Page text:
I divided the dough with a bench scraper and rolled the bottom crust into a jagged  16" x 1/4" circle, rolled the dough onto the rolling pin, and unrolled it over a 8" spring form pan, leaving a slight overhang. After pinching the dough into the base of the pan, I pushed the dough up the sides, smoothed the creases, patched a few tears, set it aside, and rolled out the remaining dough for the top.

I mixed the room temperature filling with the sauce, spooned the mixture into the pastry case, sprinkled fresh parsley over the filling, brushed the exposed pastry with a beaten egg wash, and carefully rolled the top crust over the pan.  After trimming the edges, I brushed the top of the pie with the egg wash, crimped the edges to form a tight seal, sliced three vents to allow the steam escape, and shoved the massive pie into a pre-heated 390 degree oven.

After 45 minutes, I pulled the pie from the oven, released the spring form pan, brushed the sides of the crust with egg wash, and returned the pie to the oven for an additional 25 minutes to brown before pulling it from the oven to rest.

When cooled, I scattered snipped chives over the top of the pie and sliced it into oversized hearty thick wedges. Boom. It was not my grandmother's dainty beef pot pie.

Deep and complex, the tender meat and sweetened root vegetables melted into the rich mahogany sauce. Although still very present, the Guinness stout relaxed its bitter edge from the long cook. While the brown sugar enhanced the inherent chocolaty roasted sweetness of the beer, it also tempered the hoppy assertiveness.

Cracked and splintered, large crusty pie shards easily became edible spoons for sopping, leaving the smaller flakes to fleck through the unctuous sauce like delicate crisp croutons.

Eat your beer.
One bite at a time.

Friday, February 5, 2016


I started catering by accident. Thirty odd years ago, I moved to New York armed with a theatre degree, a cute wardrobe, and boundless energy. Hardly a triple threat. In the beginning, I juggled several odd jobs to earn enough money for bills with enough pocket change left over for cheap vodka and cigarettes. During the day, I worked the first floor information desk at the American Museum of Natural History located on the Upper West Side. "The dinosaurs are on the 4th floor. The elevator is straight ahead." "The dinosaurs are on the 4th floor. The elevator is straight ahead." "Whales? Down the hall and to the right." "The dinosaurs are on the 4th floor." "Yes, ma'am. The 4th floor." "The. 4th. Floor." On and on and on. At night, I split my time hawking 'I heart NY' coffee mugs and feathered theatre masks in a dingy souvenir shop on a dank ally just off of 45th Street and manning the lowest station in the kitchen of a failing restaurant on Restaurant Row. I was living the dream.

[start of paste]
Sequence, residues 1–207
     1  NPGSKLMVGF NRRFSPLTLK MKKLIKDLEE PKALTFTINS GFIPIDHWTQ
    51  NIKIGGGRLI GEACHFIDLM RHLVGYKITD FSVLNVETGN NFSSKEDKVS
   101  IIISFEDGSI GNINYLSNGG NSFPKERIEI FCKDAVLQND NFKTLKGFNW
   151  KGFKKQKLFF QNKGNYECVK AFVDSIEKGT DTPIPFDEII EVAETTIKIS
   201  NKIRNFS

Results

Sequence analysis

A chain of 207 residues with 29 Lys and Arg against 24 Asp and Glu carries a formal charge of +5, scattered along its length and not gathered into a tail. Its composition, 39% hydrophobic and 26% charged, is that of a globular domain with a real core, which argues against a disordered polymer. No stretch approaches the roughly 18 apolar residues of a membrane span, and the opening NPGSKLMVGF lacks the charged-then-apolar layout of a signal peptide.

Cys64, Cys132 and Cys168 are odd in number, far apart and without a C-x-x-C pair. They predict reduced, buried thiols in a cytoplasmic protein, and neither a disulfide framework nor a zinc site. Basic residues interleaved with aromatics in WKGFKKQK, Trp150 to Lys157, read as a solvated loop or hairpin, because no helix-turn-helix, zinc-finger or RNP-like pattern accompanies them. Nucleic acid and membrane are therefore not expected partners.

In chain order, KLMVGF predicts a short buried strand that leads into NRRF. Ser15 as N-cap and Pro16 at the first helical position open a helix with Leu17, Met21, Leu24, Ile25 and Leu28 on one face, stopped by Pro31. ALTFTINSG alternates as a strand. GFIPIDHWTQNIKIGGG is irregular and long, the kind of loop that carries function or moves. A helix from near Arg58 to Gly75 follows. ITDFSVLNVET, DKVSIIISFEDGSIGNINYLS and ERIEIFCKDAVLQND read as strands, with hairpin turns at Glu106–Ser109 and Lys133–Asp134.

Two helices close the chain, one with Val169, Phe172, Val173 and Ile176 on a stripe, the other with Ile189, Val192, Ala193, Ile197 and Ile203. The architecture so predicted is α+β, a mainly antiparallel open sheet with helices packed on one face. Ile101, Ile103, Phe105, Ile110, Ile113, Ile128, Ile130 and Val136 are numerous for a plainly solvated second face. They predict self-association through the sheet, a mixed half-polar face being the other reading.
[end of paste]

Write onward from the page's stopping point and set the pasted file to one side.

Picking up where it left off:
At the time, I had a good friend who helped curate the theatre collection for the City of the Museum of New York on the Upper East Side. Fancy digs. One one particularly insignificant day, he asked me if I'd be interested in catering an exhibit opening at the museum as a replacement for a caterer who bailed at the last minute. Embracing my impetuous inner me, I said yes without giving it a thought. Here's the deal. I was a hustling  pizza-by-the-slice, street vendor hot dog, Asian take-out, Blarney Stone Bar buffet kind of guy. The closest I came to my imagined notion of gentrified museum snacks were the occasional nibbles I'd snag from the sample counters of Zabars and Dean and Deluca. I was a kid without a clue. Hell, that didn't stop me. I embraced what I knew and took my interpreted  mish-mashed Jewish/Italian arsenal of goods on the road. Old school crab-stuffed cherry tomatoes (yep). Chopped chicken liver on matzo crackers. Smoked whitefish dip. Gravlax on rye. Skewered buffalo bocconcini balls. I was brazen, young, and unafraid. At the end of the night, when the dust settled, my traveling food show was a hit.

While my  real jobs evolved and changed over time, I held fast to my museum catering gigs. In the chaos of New York, it was grounding. Sure, I grew with the changing food trends.That said, even though I mixed things up a bit, I stubbornly kept my bread and butter workhorses. My last hurrah unfolded at a satellite exhibit opening housed in a large temporary kiosk on Times Square. The exhibit was designed and mounted to showcase the historical connections and relationships between the costumes of Hollywood and Broadway.From Broadway to Hollywood and back. Bi-coastal.